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CHMST'ST ENTlWOE INTO JERUSALEM;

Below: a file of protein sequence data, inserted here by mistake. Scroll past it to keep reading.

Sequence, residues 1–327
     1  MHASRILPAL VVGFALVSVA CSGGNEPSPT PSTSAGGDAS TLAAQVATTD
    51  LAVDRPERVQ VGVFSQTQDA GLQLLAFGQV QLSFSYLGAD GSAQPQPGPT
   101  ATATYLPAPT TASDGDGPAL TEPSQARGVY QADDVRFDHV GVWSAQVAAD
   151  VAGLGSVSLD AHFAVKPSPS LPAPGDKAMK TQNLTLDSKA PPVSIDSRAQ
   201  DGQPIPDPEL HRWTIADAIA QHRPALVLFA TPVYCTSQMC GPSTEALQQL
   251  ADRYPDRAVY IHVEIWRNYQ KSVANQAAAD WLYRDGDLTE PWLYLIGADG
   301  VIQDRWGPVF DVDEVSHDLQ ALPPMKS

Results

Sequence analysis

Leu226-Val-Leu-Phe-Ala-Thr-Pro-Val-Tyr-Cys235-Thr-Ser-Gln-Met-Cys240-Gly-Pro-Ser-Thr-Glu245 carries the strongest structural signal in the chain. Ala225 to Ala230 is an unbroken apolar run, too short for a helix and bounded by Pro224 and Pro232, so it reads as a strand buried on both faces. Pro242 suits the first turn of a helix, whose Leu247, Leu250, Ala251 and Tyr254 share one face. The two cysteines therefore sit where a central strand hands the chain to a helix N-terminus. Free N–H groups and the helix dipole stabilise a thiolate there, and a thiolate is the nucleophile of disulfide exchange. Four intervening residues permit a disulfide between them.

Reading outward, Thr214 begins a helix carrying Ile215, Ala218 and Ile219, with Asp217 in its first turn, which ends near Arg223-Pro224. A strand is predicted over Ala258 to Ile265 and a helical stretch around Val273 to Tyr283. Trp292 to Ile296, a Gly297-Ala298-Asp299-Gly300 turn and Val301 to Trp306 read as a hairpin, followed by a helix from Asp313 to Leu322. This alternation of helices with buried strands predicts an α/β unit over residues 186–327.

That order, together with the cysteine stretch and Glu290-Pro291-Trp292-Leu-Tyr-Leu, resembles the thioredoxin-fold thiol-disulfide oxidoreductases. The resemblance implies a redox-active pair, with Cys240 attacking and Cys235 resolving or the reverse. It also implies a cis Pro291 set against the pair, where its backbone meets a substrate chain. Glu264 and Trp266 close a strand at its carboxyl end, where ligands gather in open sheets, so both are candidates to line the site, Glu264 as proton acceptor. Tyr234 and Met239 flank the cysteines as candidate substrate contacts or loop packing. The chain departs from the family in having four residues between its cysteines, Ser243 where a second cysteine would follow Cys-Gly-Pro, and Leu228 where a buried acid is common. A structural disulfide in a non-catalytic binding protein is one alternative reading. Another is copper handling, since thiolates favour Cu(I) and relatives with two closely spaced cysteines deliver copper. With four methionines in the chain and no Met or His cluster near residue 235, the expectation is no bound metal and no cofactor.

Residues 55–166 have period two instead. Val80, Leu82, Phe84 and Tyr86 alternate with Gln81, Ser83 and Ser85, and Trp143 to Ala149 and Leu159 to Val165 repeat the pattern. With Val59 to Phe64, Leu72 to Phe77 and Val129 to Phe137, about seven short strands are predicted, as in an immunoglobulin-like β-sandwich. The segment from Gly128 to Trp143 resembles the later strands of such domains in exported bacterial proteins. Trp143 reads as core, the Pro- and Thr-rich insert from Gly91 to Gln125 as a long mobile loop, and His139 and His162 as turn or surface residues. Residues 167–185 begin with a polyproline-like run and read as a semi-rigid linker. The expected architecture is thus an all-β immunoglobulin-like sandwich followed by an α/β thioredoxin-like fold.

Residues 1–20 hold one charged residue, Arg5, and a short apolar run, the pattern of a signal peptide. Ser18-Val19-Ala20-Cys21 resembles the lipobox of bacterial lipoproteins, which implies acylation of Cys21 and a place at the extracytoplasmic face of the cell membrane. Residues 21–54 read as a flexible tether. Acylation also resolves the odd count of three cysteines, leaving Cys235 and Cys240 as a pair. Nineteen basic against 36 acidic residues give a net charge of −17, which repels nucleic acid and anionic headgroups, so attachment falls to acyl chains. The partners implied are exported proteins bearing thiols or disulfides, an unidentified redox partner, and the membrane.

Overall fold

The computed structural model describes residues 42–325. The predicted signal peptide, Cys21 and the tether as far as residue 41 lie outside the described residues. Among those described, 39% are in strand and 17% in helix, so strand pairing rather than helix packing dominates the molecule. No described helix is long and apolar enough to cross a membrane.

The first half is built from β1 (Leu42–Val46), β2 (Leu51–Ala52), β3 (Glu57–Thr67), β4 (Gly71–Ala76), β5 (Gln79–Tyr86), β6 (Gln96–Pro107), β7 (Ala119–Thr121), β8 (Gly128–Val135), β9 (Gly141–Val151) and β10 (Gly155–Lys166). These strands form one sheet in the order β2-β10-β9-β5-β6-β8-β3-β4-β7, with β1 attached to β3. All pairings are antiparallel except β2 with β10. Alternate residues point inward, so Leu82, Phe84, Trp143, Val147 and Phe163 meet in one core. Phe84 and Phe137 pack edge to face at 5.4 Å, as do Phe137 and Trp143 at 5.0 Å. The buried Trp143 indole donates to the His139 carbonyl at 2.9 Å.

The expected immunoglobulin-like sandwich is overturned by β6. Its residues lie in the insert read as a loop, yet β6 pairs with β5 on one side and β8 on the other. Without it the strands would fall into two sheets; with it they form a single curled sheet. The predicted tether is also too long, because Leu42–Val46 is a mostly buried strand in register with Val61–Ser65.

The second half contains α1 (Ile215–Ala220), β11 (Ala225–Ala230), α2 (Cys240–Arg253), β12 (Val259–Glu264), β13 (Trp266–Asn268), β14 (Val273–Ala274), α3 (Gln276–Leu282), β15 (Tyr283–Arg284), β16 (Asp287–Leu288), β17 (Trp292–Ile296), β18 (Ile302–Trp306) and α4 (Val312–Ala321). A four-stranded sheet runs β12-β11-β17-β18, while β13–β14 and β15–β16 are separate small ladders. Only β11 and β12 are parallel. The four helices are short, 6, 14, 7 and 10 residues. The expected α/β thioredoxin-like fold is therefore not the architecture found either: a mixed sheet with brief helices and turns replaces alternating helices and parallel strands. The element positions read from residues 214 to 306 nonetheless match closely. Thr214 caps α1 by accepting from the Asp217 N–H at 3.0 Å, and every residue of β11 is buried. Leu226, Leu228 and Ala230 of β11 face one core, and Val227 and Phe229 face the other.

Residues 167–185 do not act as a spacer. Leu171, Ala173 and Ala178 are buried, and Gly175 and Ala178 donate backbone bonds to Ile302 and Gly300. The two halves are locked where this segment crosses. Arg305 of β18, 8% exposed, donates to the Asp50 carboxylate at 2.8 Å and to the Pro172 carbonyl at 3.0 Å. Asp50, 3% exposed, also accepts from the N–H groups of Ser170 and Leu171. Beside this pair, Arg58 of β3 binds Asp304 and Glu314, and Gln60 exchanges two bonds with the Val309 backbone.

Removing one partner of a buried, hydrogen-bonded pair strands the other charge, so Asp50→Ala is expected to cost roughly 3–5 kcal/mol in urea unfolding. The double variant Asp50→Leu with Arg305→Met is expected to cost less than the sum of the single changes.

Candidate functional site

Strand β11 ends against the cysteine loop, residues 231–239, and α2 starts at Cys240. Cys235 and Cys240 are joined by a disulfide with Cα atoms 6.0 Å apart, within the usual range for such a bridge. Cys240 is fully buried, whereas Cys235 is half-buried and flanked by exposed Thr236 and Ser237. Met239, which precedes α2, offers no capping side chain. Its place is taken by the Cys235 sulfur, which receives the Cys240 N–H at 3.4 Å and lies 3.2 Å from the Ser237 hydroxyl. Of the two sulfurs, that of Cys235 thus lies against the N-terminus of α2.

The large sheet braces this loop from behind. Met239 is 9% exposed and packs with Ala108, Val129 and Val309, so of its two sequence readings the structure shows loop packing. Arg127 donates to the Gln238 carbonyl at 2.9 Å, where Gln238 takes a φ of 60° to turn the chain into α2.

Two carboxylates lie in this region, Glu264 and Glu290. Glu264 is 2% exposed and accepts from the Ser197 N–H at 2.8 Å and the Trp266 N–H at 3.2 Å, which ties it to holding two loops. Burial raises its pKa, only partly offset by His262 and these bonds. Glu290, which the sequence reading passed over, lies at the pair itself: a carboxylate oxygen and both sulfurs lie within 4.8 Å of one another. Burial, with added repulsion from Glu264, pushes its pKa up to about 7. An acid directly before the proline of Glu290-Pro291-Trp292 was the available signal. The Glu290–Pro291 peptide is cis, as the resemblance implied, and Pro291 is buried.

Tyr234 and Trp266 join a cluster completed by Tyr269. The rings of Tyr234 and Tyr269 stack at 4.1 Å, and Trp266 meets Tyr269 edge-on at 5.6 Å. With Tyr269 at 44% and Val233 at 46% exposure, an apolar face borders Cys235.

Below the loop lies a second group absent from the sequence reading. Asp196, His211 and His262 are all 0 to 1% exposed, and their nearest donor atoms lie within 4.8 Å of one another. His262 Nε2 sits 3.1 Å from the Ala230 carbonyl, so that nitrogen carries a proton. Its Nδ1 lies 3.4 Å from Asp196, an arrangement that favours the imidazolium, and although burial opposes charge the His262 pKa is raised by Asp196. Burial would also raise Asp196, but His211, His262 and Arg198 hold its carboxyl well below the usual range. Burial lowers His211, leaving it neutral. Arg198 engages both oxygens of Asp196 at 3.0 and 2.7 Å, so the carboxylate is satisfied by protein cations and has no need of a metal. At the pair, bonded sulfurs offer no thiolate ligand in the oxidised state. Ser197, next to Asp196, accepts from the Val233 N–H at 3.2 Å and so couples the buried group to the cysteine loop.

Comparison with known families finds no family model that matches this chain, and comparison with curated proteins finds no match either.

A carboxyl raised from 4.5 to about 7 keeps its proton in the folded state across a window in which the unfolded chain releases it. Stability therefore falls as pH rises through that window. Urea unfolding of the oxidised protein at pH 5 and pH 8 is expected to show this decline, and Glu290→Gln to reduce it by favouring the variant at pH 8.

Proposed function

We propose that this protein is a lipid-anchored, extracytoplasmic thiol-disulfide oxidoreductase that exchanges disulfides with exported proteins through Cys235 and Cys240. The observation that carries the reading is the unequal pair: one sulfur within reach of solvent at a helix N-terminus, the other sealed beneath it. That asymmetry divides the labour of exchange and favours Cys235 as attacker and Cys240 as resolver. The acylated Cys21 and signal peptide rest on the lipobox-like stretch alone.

r y. r. WiixH. Ho satnipoitUwasaVcolt, and fbdo Towards Jerusalem. flcsidc Mm walked Closely and silently lluTfaithful twelve, And on before him went a1 multitude, Shouting hosannas, and with eager hands nn?'tfi$ l,,elt Barmc,ita thickly in the way. I li unbroken foal beneath him gently stepped, Tamo at its patient dum,t(hd athc song BOf "Welcome to the son of David,'' bur's! Forth frohi a tltVuSand children, and the leaves Of the waving branches touched its silken ears, It turned its wild ejus for a moment back, -And then subdued hyan invlViblehaml, TMcekly trod onward with its'slcridcr'fcet, t The dew's last sparkle from'tho grassha'dgoho As he rode up Mount Olive. The woods 'Throw their cool ultadon's directly to the west; And tho light foal, with quick'dnd toiling Wcp, And head bent low, kept up its unslackrned'way 'Till its soft namc-Was'liftc'a'btltohYd Sent o'er the mount from Jordan. As he reached ;The summit's' breezy pitch, the Saviour raised His calm blue cyc-thcrc stood Jerusalem. Eagerly ho bent forward, and beneath His mantle's passive folds, a bolder line Than the wont slightncss of his perfect limbs (Bctraycd the swelling fullness of his heart. ;Thcro stood Jerusalem! Hovvfair she looked1 Tho silver sun on all her palaces, And her fair daughters 'mid the golden spires Tending their terrace flowers; and Kcdron's stream lacing tho meadows with its silver band And wreathing its mist rmintlc on the sky "With the morn's exhalations. There shrUood, Jerusalem, the city of Ids love, Chosen from all the callh; Jerusalem, That knew him not, and had rejected him: Jerusalem, for whom ho came to die! 'IPhe sTioUtS redoubled fromathousand lips AStho fair sight; tho children leaped and stuic Louder hosannas, tho clear air was filled With odor from the trampled olive leaves But "Jesus wept!" Tho loved disciplo saw 'His master's tear, and closer to his side Ho came with yearning looks, and on "his nedk The Saviour leaned with heavenly tenderness, And mourned, "How oft, Jcrnsalem! would I Have gathered you, as gatherdth n'hen Her brood beneath her wings but yc would not!" Ho thought not of the death that.he should die; He thought not of tho thorns he know fnusl pHc'rce Ilia forehead -of 'the buffet on the check 'The scourge 'the mocking homage, the foul scorn! Gcthsemane s'tood out beneath h'is eye "Clear in tho morning sun; und there, he knew, While they who '-could not watch with him one hour" Vcro sleeping, he should sweat great drops of blood, Praying the cup might pa3! And Golgotha 'Stood bare and desert by tho city wall; And in its midst, to "his prophetic eye s Rose tho Tough cross, and its keen agours Vcre numbered all the nails vore in Ifis feet Th' insulting sponge was pressing on his lips The blood and water gushed from his sido Tho dizzy faintness swimming in his brain And,"while his own disciples fled in fcai", A world's death agonrcs all mixed in his! Ah! he forgot all this., He only saw Jerusalem the chosen tho loved the lost! He only felt that for her sake his life Was vainly given, and in his pitying love, Tho sufferings that would clothe the heavensin black Were quito forgotten. Was there ever love, In earth or heaven, equal unto this! PASSAGE OF THE RED SEA. Tho route of the Israelites, and tho place witcrethcy crossed tho Red Sea, are thus discussed in the 'Incidents of Travel" by an American; "Late in the afternoon, we landed on the opposite side, on the most aacrcd spot con nected with tho wanderings of the Israelites, where they rose from the dry bed of the sea, nnd, at the command of Moses, the divided water rushed together, overwhelming Tharoah and his chariots, and the whole host.of Egypt. With the devotion of a pi ous pilgrim, I packed up a shell and put in to my pocket as a memorial of the place; tind'then Paul and I, mounting the Drome daries which my guide had brought down U the shore in readiness, rode to a grove of palm trees shading a fountain of bad water, called ayoun Mousa, or the fountain ofMo scs. T was riding carelessly along looking behind me towards the em, and had ulmdst reached the grove of palm trees, when a hrgc flock, of crows flew out, and my Dromedary, frightened with their sudden whizzing, started'back and threw me twen ty feet over his head, completely clear of lus long neck, ati3 left me sprawling in the sand. It was a mercy I did not finish my wanderings where tho children of Israel be gan flieirsj but I saved my lyyid'at the ex pense of my lia-nds, which sank jn the loose soil up to the -wrist and bore tho marks for more than two months afterwardsi I seat ed mysolf where I fell; and as the stin was just dipping below the horizon, told Paul to pitch the tent with the door" towards the place of the miraculous passage. I shall nevef forgot that suneet scene, and it la tho last I shall inflict upon the reader. 1 wan sitting upon tho very spot where tho chosen people of God, after walking over the dry bed of theflOB, stopped to behold the divided waters returning to their place, and e wallowing up the host of the pursuers. Tho mountains on the other side looked dark and pjtcntiga?-, 99 Jf prfiyd and jon- scions witnesses of tho mighty miracle; whilc'i(thc"8uir'tlesccndihg slSwly 'b'ch'i'nd icm, long after iFh'h'd disappesfctl, left 11 reflected brightness, which illuminated with anialmost supernatural light the dark sur face of the water". uDttt to'rcturn to the fountain of Moses. I am aware that tho'ro is some dispute as to the precise spot whore Moses crossed; but, liaving'rto time for skepticism on sucli inat- rters, 'I began'by'itrakmg"Up-my mind that this was the place, and then looked around to see whether, according to the account given In the Bible, the face of tho country and the natural lain! marks did n'ot Bttstain my opinion. I remember aftcrI looked up to' the head offaie gulf, where Suez or Kcl sumnow stands and saw that almost to the very head of the -gulf, there was a high range of mountains which it would be ne cessary to cross an undertaking which it would be physically impossiblc'forCOO, 000 people, men, women, and children, to accomplish with a hostile army pursuing them. At Suez, Moses could not have been hommcd in as ho was; he could go off into the Syrian 3escrt,"or unless the sea has .1.. i 1 .i.A 1 . i- gruaiiy uiiuugt'ii since uiui iniiu, ruuiui uiu head of tho gulf. But here, directly oppo site to 'where I sat, wai an opening in the mountains, making a clear passage from the desert to the shore of the scs." AN AFFECTING APPEAL. The following touching appeal, is ex tracted from a letter addressed to a distin guished advocate of Atheism, (Mr. Knee land) whose locks arc whitened with age; "I 'cannot believe that a mind 'like yours can 'Walk abroad in this beautiful world, be-1 neath its glorious canopy of light, and not feci, and sometimes -tremble, at those evi dences of Almighty Being and Agency, that flame from the sun, sparkle in tho stars, ceho in the thunder, breathe in the winds, murmur in the waters, ex'ha'.e from the flrfwers, and warble from the groves. Ami I am sure that sometimes in the hour of depression and Sorrow, your desolate spirit sighs for brighter "hopes a"nel surer founda tions, than any on which you can now re pose. You 'iftc beginning to take the downward path of life; the heyday of youth and enterprise is past; you have tasted all that this world has to give; death has again and again invaded your domestic circle, anl every year as age approaches one star after another "will drop from your sky. "To the Christian, surrounded by sha rers of this hope, these loved and parting lights of life glide away to wait his arrival in a purer sphere; to you they aro-siwking to blackness and darkness forever. And each year, your paSSagd to the tomb becomes more desolate and dim, no glimmer of hope arises to cheer, but all around is .darkness, sil'ence, and interminable glotini." If a gentleman wants a wife, ho wears a ring on the first finger of the left hand; if he be 'engaged, ho Wears it oil tho second fin ger, if married, on the third; and on the fourth, if he never intends to be married. When a lady is not engaged, she wears a hoop or diamond on her first linger; if en gaged on hef second; if married, on her third; and on her fourth, if she intends to die a maid. When a gentleman presents a fan, a flow er or a trinket to a lady with his left hand, it is on his part an ovefturc of rgardj sllonld she receive it with tho left hand, it is consid ered an acceptance of his esteem; but if with the right hand, it is considered a refu sal of the oficr, Thus, by a few simple tokens explained by rule, the passion of lovrs ts expesscd, and through tho medium of this telegraph, the most timid and diffi dent man can without difficulty, communi cate his schtlincfits of regard for a lady, and (in case his offer should) avoid experiencing the mortification of an explicit rejection. A Fool. A miller who attempted to be witty at tho expense of a youth of weak in tellect, accosted him with 'John people say that you are a fool.' On this John replied, 'Some thjtlgs I know and sdme I do not know, sir.' "Well, John what do you know?" "I know that millers always have fat hogs.' And what don't you know? 'I dont know whose corn they Cut sir.' A friend in need. A gentleman "unac cuBtonied to public speaking,'' becoming cnibarrasseJ, whispered to his friend, "Quick, quick, give give me a word!" Upon which tho-otherreplied, "Ycsj yes, wlnt word do you want?" npprnrc nv the nEiWfl'fiU'AT. Next Doon to Cajt. D. Gross's Hotel. The COLUMBIA DEMOCRAT will be published ei'eru Saturday morning, at TWO npLL'AR&pcrxmpim, payable half yearly in advance, or Two Dollars Fifty Cents, if not paid within they?ar. No subscription will belalkn'fofa snorter period than six months; nor any discon tinuance pcrni'illcd, until all arrearages arc discharged. , AD VERTISEMFNTS'nofcxeceding 'a square Will be conspicuously inscrlcd'al One Dollar for the first three insertions, and Twenty-five cents for every subse y'ucht itscrtlon. 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It is entirely unconnected with party politics, and sectarianism, and is zealously de voted to the cause of Literature, Science and Gen eral Intelligence, as calculated 'to cntcruin and in struct every branch of the family circle. Tho de sign of tho publishers is, to furnish a newspaper that shall instruct as well as amuse, and enlighten the middle-aged, as well as entertain, and direct to prop er objects of study, the mind of youth. Their un precedented wiccrss during the past year (having obtained a very 'expensive circulation not only in Philadelphia and Pennsylvania, but in every State of the Union) induces them to believe that their plan of publication is a good Crfc, and daring the succeeding year, they Will continue to pursue it zealously, with such improvements and modifica tions as may from time to time be suggested. General Contents of the Chronicle. Tales and Essays on Literary, Scientific 'and Moral subjects Sketches of History and Uiography licviews of new publications Stories from the Classic writers Popular Statistics of tho Woild Ladies' Department Original Communications from some of the best writers of Philadelphia and elsewhere Medical Lectures Science and Art Agriculture and Kural EconomyPopular Super stitionsCurious Customs and Manner Euro pean and Domestic Correspondence Articles on Music, tho Drama, and other amusements Varie ties, amusing incidents, fec and a carefully prepared synopsis of the Current Ncwstolf tWo Day, both For eign and Domestic. Attractions of lite fist Volume. A regular correspondence from Europe, furnished by an able and eloquent writer, now on a tour through Europe, and engaged expressly for the Chronicle. Of this correepdmtcnec more than forty letters have been furnished. A scries of articles on Medical subjocts, embracing lectures oil Anotoinv. in fninilinr !,,,,, r .1. . pen of a distinguished Physician of Philadelphia. The republication, in a supplementary shcV-t, 'of mi. uivinn wiu um iuikio 01 1110 several J.onuon Annuals, for 1837, embracing articles from all the prominent English writers of tjie present day. The cost of these Annuals at retail is about $30 their principal contents have been furnished the readers of the Chroniclo gratis. The republication of tho inimitable Pickwick Pa pcrs, from tho pen of the best comic writer of tho ege, Charles Dickens, Esq. Original contributions on Literature, Science Law, Education, Poetry, Political Economy, !; from a number of the very best writers in America! Extra Attractions for the second Volume. The publication of the original articles, written for the Premiums of S250, embracing a Grmt num. bcTofcomposit.onsor.neriU The original talc, to which will be awarded tho prize of ?100, will proba bly be published in tho first number of the second Tho European Cnrrrunnn,!,.. i. . continued as will also thcStories from the Classics and indeed all tho attractive features of Ihb first voU umc. i he notes and observations of a literary cen &' "SLT !'!rouPl1 Western and the Chronicle 1 """ ,0f VMin in Choice literary selections will be furnished from tho London Monthly, llcntloy'. Miscellany m 'X wood's, and nlWrT um, ..j.ii,i. "lack- !.., . " 1 . fr 1 ' "llls"es, care IicJiie tC l, fL 1 . . J!?! ic'. "winnowing r m the great mass of : ', ": ""unoi 10 allow the r number W nterfero with dU usual variety-Advantage wi o akrn of every circumstance calculated to add m erest to tho column bf ilic' Clironicie. 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In the viried and ample)agc of contents attached to each number of the Gentleman's Magazine, origi nall articles will bo found, from Wine of the most celebrated writers of tho day. Essays, Humorous and Didactic Graphic Delineations of Men and Manners. Free and Spirited Translations of the lighter orthms ofthtl Lfteraturo Of continental Eu rope. A Series of Original Biographical Notices of tho principrl .tars in the Dramatichcmisplicrc. The . Current Literature will be reviewed in full, and'lib cral extracts made from rare and Valuable works. An Original Copy Right Song, not otherwise o be obtained, will be given, withlho m'ttfic-, 'm every num ber. The Gentleman's Magazine will contain seventy wo extra sized odao pages, of two columns each, orming, at the close, of the year, two Urge handsome vo.umcs of One Thousand Seven Hundred 5nd Twenty-eight columns, each column containing one third more than an octavo pago of avcrago propor tions. Several engravings will be gi en in the course of tho year, and the proprietors pledge themselves that the Gentleman's Magazine shall be tho largest Sc the cheapest monthly work in tho United States. TERMS. The subscription to the Gentleman's Magazine will, for asinglocopy.lio invariably Three Dollars pcrannum, payable in advance a $5 note may procure two copies to the same direction, or five copies for $10. Address, CHARLES ALEXANDER, Philadelphia FAX1TTS, OILS, Medicines and Dve-Slufi;! DAR-WARE, GROCERIES Sc LlQlOlj All of which w ill be sold on the most rcaom terms. Persons wishing to purchase, are niif; to call and examine his stock of Good, and j.'i 'for'thc'ihfit'Wcs. OC?" All kinds of c,biintry produce willlchli in exchange 'for goods. C. D. FlriHER. Uloomsburg, May (1, 1837. The SuliHcribcr XB ESPECTFULI.Y MM c public generally, Ihtlt he conthmctf to ma- Chairs, Bedsteads, SETTEES. ' His shdpis hear Mr. Mckeivy's storehouse, at the JJasin, on the Pennsylvania Canal. He will be thankful for favors, and use his endeavors to please CHARLES A: MOYERi Benjamin Zerr, m n Loi'i'iU I'Ki . .V ;p-. ii ... . If r " - iujhiii mo imbue that Ha Vti mfl8ve business i , Mini " l e and that ho keens vm i i ... , """"uune, ...ljr lmlm m, assortment BEATEN, &tjT3 AND and he wil, feel tJiS A N APPRENTICE .1,. ni..i.,.. , . tSaUoii bv Dnivtn. .i. r' f ' .. "' w'nnd a late wn f"S0l: Mr et in' ilci Fr "bio n fc ail' to an kc Al tli 5! LIST OF JTOSSfcElT, For Columbia count u. Attmmt - i if GRAND JURY. M!Jllirt.Tieorgc thngabcrgcr, John Keller, Hi ry Miller, Abraham Wolf. Roaring creek. Samuel Adams, James II. C John Yost. Mount l'leasanLlntc Musgrove, John Jou 'John Ruckle. . . Dirry. Richard Fruit, Evan Hendcrshot. liriur Creek. Charlejj llowman, Ucnjamin f Icr, Jr. Henry Knorr, Wilfiam 8. Evans, S. F. I'u cr. Pithing Creek. Tho'mSs H. Hutcheson. Hemluch: :Ckb Darton, George Willots. Liberty. Kobert Duller. Mahoning. John Wilson. Sugar JMiif. Frederick Lawbucli, Li'mutone. David Davis 3M .1 al M SI Tx n u ni TRAVERSE JURY. -Irracl Wells, Thom Painter, Dm James Evans, Jr. Luctwig Dii Bloom.-Areticlf. llrlhr Creel'.-trich. Maditon. Clark Dildine, Abraham Willi JohVi I-. Eves, Win. Michael. Dcrry. Rcubin Martz, Thomas Gilh'n, Rote llouriug Creek. Sebastian Howe r, Isaac RIi!b Peter Kline, Adam Marks, James A. Fox, AmT. jouu,joiiii I'crry. Ciilln,.i.M T u T r-i . n tfunv-jiii uiuii.i, utii. uruin :i Greenwood. Joseph Lemon, John M. PV, jf. Tho. Mcndinshall, V Ci . r j. ........ . ? ougur utuj. j'hihp Crcakbaum. ilui Pleasant. Curtis Stattin. .Pishing Creek. Win. Robbins, Isaac K'lirii Philip ApiilcVnaiV. Liberty, Wm. Campbell, John McMahen, htm Dudman. -I.ilm lW;ili,. 1 Milin. Christian Miller. Danville, June '2, 1837. For Columbia county, August term, 183; Martin Stiles ct al. Jacob Yettcr John McKim Jn ct ill: Samuel Hcll'n'cr Nathaniel Williams Christophrr Heller Win- McKclvy et al. WllllarH. Kite licit Frederick Switzer Overseers of Dcrry Mary Caldwell Abraham Van Horn Jacob Ghow Mary Strawbridgo Commonwealth et al Peter Englo Michael Ilrobst ct al. Abraham Adams Georgo Slirtb Jonas Hayinau John Fulkerson et al. Overseers of Roaring? , creek j Jao.oli Shuman Juiib 17, 1837. s. John Stiles vs. Joseph Paxton et al. i Vs. Wm; Scout, vs. Geo. Fcttcman, vs. Joseph Mans, vs. Samuel Smith vs. Legrand Bancroft vs". , Samo. vs. William Dradlcy vs. Overseers of Liberty tb. in. AiciJowcil i vs. D. Montgomery's ExV ' ys, George Hoon'cr i! vs. Jes's'b' Fuiision Va. A n.l ...... fl...r.nl.1a ' vs. John Dittenbcnder et it vs. Wm. McKclvy ct l. vs. Rnliert McCurdy fct &' vs. Michael Howcr vs. Matthew McDowell vs. Lucas Drass vs: Jacob Wclkor vs. Charles Jennings. IiiNt of Letters, Remaining in the P. O. at Dloomibitrg, 3vu 1st, 1837. ucnccca Adims, Maria niggi, William Erasmus, Col. Thomas Fields, L. 8. Glimi Joseph Garrison, William Ilnwel Carolipe N. Hazata, jonn Long, Murray Manville, Rake A- Clii.n,i,.i: ..viiii.i.iuuj James Shebrcy, Esq. Samuel White, Andrew II, Jacoby, Jesso Dccrs, Andrew Crirclinir; ObVd Everett, Michael Good, 8. Gcistor J. Foulk; Jacoli Haitiilari, Lydia Hall, Jacob Jacoby, Alidrew ii'Vntihti. Jacob Risetvicjc, Elizabelh Shinmtn': John Van 6icklft& C& nij 1837, D. RUPER'iV Pi Mi July 8, I83T.